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Homework Help: Invertible math problem

  1. Dec 10, 2008 #1
    For x E [tex]\Re[/tex], let
    f(x) = 1 + [tex]\int[/tex]et2 dt
    (the interval for this function goes from (0,x) i just didn't know how to put it on the integral.)

    i. Prove that the range of f is [tex]\Re[/tex] (i.e. prove that for every y E [tex]\Re[/tex] there is an x E [tex]\Re[/tex] such that f(x)=y)

    ii. Prove that f: [tex]\Re[/tex] [tex]\rightarrow[/tex][tex]\Re[/tex] is invertible

    iii. Denote the inverse of f by g. Argue that g is differentiable and show that g satisfies the equation
    g'(y) = e-(g(y))2
    for all y E [tex]\Re[/tex]. Show that g is differentiable twice.

    iv. Determine g(1), g'(1), g"(1).

    okay, so for i, i have no idea
    ii, how can you prove that a function is invertible
    iii, i have no idea
    iv, i just find the first derivative and the 2nd derivative and find the values of all of that.

    Please help me out,
    Thank You
     
  2. jcsd
  3. Dec 11, 2008 #2

    tiny-tim

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    Hi tomboi03! :smile:

    (have an ε :wink:)

    Do you mean [tex]f(x)\ =\ 1\ +\ \int_0^xe^{t^2} dt[/tex] ?

    Hint: what are f(-∞) and f(∞)? :wink:
     
  4. Dec 11, 2008 #3
    Re: invertible

    nope, it's still et2

    hahahaha :D hehehe
    Thanks for helping me! i really appreciate it! :D hehehe
     
  5. Dec 15, 2008 #4
    Re: invertible

    Can someone help me with this.. the previous person didn't help me much... thank you
     
  6. Dec 15, 2008 #5

    Mark44

    Staff: Mentor

    Re: invertible

    OK, so apparently [tex]f(x) = \int_0^x et^2 dt[/tex]
    Have you gone so far as to evaluate this integral?
     
  7. Dec 15, 2008 #6
    Re: invertible

    actually it's e^(t^2)....
    my professor has changed it.
     
  8. Dec 15, 2008 #7
    Re: invertible

    Yes, that makes more sense. Which of the questions are you still having problems with?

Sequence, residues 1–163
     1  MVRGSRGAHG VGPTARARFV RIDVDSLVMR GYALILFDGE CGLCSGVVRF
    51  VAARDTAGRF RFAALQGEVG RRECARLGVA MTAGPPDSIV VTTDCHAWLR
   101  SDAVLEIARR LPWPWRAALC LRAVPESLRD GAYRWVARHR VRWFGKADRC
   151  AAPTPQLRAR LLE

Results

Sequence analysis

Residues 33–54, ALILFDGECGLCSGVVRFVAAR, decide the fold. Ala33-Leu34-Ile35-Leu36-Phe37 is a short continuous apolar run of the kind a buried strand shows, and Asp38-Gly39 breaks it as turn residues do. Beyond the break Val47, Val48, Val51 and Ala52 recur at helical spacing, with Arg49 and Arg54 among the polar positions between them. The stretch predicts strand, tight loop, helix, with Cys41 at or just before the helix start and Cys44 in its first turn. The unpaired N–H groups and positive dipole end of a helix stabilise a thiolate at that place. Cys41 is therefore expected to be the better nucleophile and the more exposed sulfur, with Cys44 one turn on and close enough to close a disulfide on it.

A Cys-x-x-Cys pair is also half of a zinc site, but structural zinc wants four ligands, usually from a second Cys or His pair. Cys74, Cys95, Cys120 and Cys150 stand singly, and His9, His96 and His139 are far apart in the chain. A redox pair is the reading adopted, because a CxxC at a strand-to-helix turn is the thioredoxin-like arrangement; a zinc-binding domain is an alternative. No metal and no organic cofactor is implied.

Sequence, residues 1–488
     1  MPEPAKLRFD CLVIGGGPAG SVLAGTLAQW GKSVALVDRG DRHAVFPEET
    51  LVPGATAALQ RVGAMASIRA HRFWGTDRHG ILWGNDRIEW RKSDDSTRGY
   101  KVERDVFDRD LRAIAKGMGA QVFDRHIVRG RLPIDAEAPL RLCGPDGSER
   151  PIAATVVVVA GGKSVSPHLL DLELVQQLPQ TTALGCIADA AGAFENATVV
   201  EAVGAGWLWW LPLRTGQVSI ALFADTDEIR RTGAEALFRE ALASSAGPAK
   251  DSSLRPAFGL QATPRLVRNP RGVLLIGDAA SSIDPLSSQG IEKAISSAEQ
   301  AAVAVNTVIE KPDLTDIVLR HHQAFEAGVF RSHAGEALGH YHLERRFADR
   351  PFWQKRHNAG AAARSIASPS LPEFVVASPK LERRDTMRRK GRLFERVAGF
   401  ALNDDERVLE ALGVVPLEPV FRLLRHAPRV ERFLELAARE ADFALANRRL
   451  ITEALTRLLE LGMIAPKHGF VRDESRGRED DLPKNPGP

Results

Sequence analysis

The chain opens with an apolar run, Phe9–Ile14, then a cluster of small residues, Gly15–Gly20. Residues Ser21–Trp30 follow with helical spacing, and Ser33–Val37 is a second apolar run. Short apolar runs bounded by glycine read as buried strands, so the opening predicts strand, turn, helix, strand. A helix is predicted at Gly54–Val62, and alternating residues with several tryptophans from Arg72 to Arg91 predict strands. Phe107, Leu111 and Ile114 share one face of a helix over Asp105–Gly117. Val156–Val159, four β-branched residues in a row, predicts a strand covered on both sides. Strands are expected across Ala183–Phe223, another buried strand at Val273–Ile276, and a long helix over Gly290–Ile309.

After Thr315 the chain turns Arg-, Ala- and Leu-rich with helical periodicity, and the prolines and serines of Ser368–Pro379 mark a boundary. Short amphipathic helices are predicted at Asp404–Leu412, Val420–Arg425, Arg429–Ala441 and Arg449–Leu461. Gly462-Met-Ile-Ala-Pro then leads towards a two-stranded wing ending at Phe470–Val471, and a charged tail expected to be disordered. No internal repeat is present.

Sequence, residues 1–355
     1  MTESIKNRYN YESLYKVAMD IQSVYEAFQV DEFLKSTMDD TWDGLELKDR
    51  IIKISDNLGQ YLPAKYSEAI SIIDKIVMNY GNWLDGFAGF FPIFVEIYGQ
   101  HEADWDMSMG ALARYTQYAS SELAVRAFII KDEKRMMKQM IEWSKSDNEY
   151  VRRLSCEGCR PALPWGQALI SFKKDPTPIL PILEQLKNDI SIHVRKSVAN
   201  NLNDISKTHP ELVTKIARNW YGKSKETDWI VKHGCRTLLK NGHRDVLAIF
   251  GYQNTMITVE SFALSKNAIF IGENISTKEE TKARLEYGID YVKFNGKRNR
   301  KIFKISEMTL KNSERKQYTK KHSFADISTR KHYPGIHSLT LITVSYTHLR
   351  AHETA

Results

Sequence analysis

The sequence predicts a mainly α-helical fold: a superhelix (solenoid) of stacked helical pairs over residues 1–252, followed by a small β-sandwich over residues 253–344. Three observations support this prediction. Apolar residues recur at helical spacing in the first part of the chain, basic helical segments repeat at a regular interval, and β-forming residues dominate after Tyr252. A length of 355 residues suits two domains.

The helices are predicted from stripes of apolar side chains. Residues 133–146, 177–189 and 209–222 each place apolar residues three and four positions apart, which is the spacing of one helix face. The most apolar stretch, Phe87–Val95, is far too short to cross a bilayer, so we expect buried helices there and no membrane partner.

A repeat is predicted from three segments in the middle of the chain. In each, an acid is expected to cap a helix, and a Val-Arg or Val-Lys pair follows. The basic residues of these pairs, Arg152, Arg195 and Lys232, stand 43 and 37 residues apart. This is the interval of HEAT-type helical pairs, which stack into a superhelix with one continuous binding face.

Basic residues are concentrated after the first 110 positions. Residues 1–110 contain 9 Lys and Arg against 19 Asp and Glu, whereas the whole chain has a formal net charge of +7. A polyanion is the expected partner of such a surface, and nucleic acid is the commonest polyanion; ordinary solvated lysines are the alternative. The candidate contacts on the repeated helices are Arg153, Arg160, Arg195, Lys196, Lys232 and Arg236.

9. Dec 15, 2008 #8

    tiny-tim

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    mmm … that's what i said! :rolleyes:
    ok … for
    i. Prove that the range of f is R (i.e. prove that for every y E there is an x E such that f(x)=y)​
    … find f(-∞) and f(∞) and describe how it goes from one to the other. :smile:
     
  10. Dec 15, 2008 #9
    Re: invertible

    i'm not sure if i understand how to solve the integral...

    and i was wondering... does invertible mean show that it is bijective?

    I'm confused.
     
  11. Dec 15, 2008 #10

    tiny-tim

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    Hi tomboi03! :smile:

    You don't need to "solve" it … just look at it :smile: … what is its value at ∞?
    Invertible means it has a unique inverse, so if it's onto and invertible, then yes, it's bijective. :wink:
     
  12. Dec 15, 2008 #11
    Re: invertible

    is it infinity? i'm not sure how i can just loook at it... :'(
     
  13. Dec 15, 2008 #12

    tiny-tim

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    :biggrin:

    well, if you draw it, the integral is the area under it (to the right of the y-axis) …

    isn't that obviously ∞?

    ('cos it keeps going up! :rolleyes:)

    ok, now what's f(-∞)? :smile:
     
  14. Dec 15, 2008 #13
    Re: invertible

    isn't it negative infiinity?
     
  15. Dec 15, 2008 #14
    Re: invertible

    so how do you prove that this is invertible?
     
  16. Dec 15, 2008 #15

    tiny-tim

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    Yup! :biggrin:
    Well, it goes from -∞ to ∞, so all you have to prove is that it doesn't go through any level twice. :wink:
     
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